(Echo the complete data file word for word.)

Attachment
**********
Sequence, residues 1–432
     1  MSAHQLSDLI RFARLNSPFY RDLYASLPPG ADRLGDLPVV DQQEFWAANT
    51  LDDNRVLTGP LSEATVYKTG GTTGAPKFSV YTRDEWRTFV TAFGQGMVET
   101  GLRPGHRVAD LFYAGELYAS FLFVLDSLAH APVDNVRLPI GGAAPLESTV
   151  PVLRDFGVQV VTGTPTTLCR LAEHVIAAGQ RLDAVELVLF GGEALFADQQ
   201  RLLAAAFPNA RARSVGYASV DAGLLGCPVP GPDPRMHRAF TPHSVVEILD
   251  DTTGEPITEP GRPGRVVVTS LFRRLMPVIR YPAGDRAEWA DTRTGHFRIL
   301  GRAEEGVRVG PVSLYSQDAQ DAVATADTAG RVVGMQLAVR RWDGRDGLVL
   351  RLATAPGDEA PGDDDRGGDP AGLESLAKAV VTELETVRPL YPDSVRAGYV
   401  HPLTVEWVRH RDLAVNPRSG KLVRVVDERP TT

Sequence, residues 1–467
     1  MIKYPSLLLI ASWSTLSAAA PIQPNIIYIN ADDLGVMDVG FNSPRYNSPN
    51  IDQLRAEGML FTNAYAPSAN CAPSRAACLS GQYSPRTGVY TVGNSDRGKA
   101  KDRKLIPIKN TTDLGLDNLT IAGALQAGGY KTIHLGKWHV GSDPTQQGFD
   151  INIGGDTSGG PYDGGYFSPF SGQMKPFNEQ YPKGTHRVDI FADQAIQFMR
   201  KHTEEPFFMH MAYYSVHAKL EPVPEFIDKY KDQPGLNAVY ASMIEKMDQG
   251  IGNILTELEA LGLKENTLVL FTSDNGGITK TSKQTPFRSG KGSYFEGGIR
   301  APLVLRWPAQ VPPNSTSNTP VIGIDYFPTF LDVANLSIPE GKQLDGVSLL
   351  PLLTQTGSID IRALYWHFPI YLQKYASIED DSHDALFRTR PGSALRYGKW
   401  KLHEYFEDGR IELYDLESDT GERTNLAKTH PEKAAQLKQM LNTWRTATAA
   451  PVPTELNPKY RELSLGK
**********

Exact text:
Sequence, residues 1–432
     1  MSAHQLSDLI RFARLNSPFY RDLYASLPPG ADRLGDLPVV DQQEFWAANT
    51  LDDNRVLTGP LSEATVYKTG GTTGAPKFSV YTRDEWRTFV TAFGQGMVET
   101  GLRPGHRVAD LFYAGELYAS FLFVLDSLAH APVDNVRLPI GGAAPLESTV
   151  PVLRDFGVQV VTGTPTTLCR LAEHVIAAGQ RLDAVELVLF GGEALFADQQ
   201  RLLAAAFPNA RARSVGYASV DAGLLGCPVP GPDPRMHRAF TPHSVVEILD
   251  DTTGEPITEP GRPGRVVVTS LFRRLMPVIR YPAGDRAEWA DTRTGHFRIL
   301  GRAEEGVRVG PVSLYSQDAQ DAVATADTAG RVVGMQLAVR RWDGRDGLVL
   351  RLATAPGDEA PGDDDRGGDP AGLESLAKAV VTELETVRPL YPDSVRAGYV
   401  HPLTVEWVRH RDLAVNPRSG KLVRVVDERP TT

Sequence, residues 1–467
     1  MIKYPSLLLI ASWSTLSAAA PIQPNIIYIN ADDLGVMDVG FNSPRYNSPN
    51  IDQLRAEGML FTNAYAPSAN CAPSRAACLS GQYSPRTGVY TVGNSDRGKA
   101  KDRKLIPIKN TTDLGLDNLT IAGALQAGGY KTIHLGKWHV GSDPTQQGFD
   151  INIGGDTSGG PYDGGYFSPF SGQMKPFNEQ YPKGTHRVDI FADQAIQFMR
   201  KHTEEPFFMH MAYYSVHAKL EPVPEFIDKY KDQPGLNAVY ASMIEKMDQG
   251  IGNILTELEA LGLKENTLVL FTSDNGGITK TSKQTPFRSG KGSYFEGGIR
   301  APLVLRWPAQ VPPNSTSNTP VIGIDYFPTF LDVANLSIPE GKQLDGVSLL
   351  PLLTQTGSID IRALYWHFPI YLQKYASIED DSHDALFRTR PGSALRYGKW
   401  KLHEYFEDGR IELYDLESDT GERTNLAKTH PEKAAQLKQM LNTWRTATAA
   451  PVPTELNPKY RELSLGK